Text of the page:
Although the date on this musing is June 16 2008, I write this on Father’s Day June 15. I write my musings a day ahead of the date I post them. For those of you whose minds and opinions lean toward wholesale judgements, you may not wish to waste your time reading further since this musing is tied to an image of a handgun, specifically a Smith and Wesson model 617 a .22 caliber gun.
During the weeks that led up to this Father’s day I would watch with some envy as young children would speak at local markets about the crayon drawings they had crafted to give to their Daddy. I would hear those innocent and sweet comments and lament that my children are no longer that age and it made me miss a time gone by. Both of my children are young adults out of high school and making their way through college before facing the ‘real world’ that lays before them. But today as I spent my favorite holiday with them, I realized that each age a child passes through presents its own wonder to a parent.
I listened as my daughter offered me intelligent banter about my own behavior and marveled at the fact that her choice in life is to assist those who are less fortunate mentally and emotionally than herself. She never speaks of the hollow pursuit of money, but always speaks of what will help humanity. I listened as my son spoke today about resigning from a job he has held for three years to pursue better employment at his other job this summer. He shared that he was concerned that his former boss may have hard feelings because of his resignation, but instead his boss gave him a lifetime membership to where he worked. And he personally signed his membership to my son with his own term of endearment, ‘Little guy’ a name he gave Niko from the beginning since he was the youngest of all his employees.
Both of my kids have teased me for the past week about my Father’s Day gift. At one point my son told me that the gift was ‘a bit expensive’ and I may need to help chip in for the cost. I laughed at his comment and before I could say anything he simply said, ‘But Dad, if you don’t want to, I’ll use some of the money I got for graduation to cover the whole thing.’ I had originally thought that since he works at a toy store, he and his sister purchased me a large remote controlled helicopter that I’ve been drooling over since they got me a small toy one for my birthday.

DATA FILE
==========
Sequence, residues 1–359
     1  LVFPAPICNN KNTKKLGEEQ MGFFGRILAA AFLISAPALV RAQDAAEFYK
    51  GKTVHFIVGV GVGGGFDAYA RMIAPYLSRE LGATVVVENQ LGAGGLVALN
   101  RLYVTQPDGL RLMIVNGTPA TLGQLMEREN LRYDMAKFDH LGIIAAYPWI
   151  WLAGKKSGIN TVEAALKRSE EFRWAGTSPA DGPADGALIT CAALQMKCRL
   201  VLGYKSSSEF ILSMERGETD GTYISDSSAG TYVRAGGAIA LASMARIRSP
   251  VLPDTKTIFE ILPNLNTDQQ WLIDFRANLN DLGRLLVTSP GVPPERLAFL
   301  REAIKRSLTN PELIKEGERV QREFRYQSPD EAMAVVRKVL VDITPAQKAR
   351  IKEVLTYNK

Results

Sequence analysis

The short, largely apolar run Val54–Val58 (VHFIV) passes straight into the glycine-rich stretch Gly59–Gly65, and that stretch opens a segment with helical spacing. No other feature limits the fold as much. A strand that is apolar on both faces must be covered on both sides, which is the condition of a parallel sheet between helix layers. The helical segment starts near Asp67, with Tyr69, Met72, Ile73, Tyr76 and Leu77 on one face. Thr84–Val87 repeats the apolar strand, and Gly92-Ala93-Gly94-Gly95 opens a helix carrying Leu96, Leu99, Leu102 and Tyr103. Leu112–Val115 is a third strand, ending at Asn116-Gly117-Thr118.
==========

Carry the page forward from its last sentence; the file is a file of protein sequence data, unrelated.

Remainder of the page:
But instead they both surprised me with a Smith and Wesson Model 617 10 shot .22 caliber stainless steel revolver. My son and I have shot together since he was 14 and he has since become a marksman more skilled than I could have ever hoped to become. The 617 is an item I have always wanted for myself, but never purchased due to other much more important issues like mortgages and tuition. And for many reasons that are often valid, there is a very dark stigma against handguns and in cases of violence, rightfully so. But there is another side of handguns which no one cares to hear. Target shooting is a skill that requires intense discipline and control. The very same kind of discipline and control I learned in martial arts, self control and self discipline.
I am proud of who my children have become and I am proud to say that I am their father. Of all the things in this world I have achieved I am most proud to be a parent. I often laugh when I hear the saying of the Peace Corps, ‘The toughest job you’ll ever love.’ That saying is a far second to being a parent, at least a good honest one.
I’m blessed to be a father.